September 3, 2014 by Melanie L.
Twenty-one years ago, my boss, the assistant manager at CVS/Pharmacy store #813, expected me to come to work everyday with a work-issued box cutter in my apron pocket. Most times, though, I disappointed her. I always misplaced it. Frustrated, my boss finally scribbled “goober” on the sheath, “because you are,” she exasperated, “don’t lose this one.”
I haven’t. It’s a small thing but it fills me with a sense of pride that I finally stopped losing my box-cutters. I keep it buried in my office desk drawer beneath the box of paper clips, a stack of sticky notes and a tray of pens.
Between that first job and my current one, I’ve held so many jobs that my mom once joked I could write a book. I’ve been a telemarket-researcher, a popcorn concessionist, a trash can scrubber, a designer clothes salesperson, a camp counselor, youth group leader, religious school teacher, receptionist, professor’s assistant, law clerk, lawyer, college adjunct, and civil court arbitrator. As diverse as these jobs were, they were all jobs that I could see coming a mile away.
There is, however, one role I never expected to fill. That is the role of single mom. As early as I can remember, I knew I wanted to be a mother. And I cherish it. My bosses are gorgeous, smart, and all-around awesome – if I do say so myself. The benefits are heavenly. The perks are equal parts hilarious, cathartic, educational and heart-warming. Best of all, the job security is unrivaled.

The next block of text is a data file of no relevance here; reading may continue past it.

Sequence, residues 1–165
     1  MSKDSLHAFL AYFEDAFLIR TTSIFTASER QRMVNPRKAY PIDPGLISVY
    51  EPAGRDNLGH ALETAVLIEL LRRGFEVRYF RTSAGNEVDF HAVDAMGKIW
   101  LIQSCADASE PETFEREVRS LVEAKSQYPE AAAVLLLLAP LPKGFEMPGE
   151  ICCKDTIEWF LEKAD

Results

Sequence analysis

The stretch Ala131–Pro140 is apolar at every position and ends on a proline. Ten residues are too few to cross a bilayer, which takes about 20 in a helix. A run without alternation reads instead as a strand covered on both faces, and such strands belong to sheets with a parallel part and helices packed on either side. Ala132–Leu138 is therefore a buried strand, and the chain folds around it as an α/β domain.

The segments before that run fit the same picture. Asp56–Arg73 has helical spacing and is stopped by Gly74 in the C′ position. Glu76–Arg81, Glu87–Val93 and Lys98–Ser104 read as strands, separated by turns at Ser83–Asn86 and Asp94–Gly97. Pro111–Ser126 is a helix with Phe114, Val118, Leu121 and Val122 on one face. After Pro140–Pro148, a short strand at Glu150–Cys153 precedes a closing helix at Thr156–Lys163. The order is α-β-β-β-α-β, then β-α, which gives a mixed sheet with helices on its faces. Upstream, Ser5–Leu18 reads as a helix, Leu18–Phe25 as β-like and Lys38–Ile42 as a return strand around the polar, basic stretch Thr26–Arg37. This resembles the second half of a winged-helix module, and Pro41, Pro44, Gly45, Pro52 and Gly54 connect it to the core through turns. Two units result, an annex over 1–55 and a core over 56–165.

I just never thought I’d be doing it alone. Most days, mercifully, I hardly notice. Other days I feel like I did when I showed up to CVS without my box cutter multiplied by a thousand: woefully under-prepared and scared sh!tless. This past Labor Day weekend was one such occasion.
My daughter, 3, came home from preschool with a scary-high fever and, I suspect, a touch of febrile delirium. The next day I had a single-mom dilemma. Staying home all day with my sick child meant caging my healthy wild child. Going to the playground with my healthy child, on the other hand, meant subjecting my ill child to the elements. I couldn’t very well split myself in two.
I opted for a compromise. I bundled my daughter and her blankie in the stroller, reclined the seat, and spent the afternoon indoors at the Academy of Natural Sciences. I get that my day was not necessarily unique to single mommyhood. Nonetheless, I felt guilty that day. Unable to do right by both kids, I did right by none. I was a bumbling goober.
And that was a good day on the job. It is an utter nightmare when my kids leave to go to their father’s house. With the addition of the holiday on Monday, I had to endure three nights away from my children. It’s not that their father can’t handle it. He can. It’s that this was the longest I have ever been separated from my children, and it killed me. I dread being away from my children when they’re healthy. I was heartbroken to have to part with a sick child.
Unlike that job at CVS, as a single-mom, I’m never off the clock, and I’m always looking for that damn box cutter. Unfortunately, there’s no one to hand me another. Despite all the difficulties that come with the job, or maybe because of them, I’ve never felt prouder. I got this.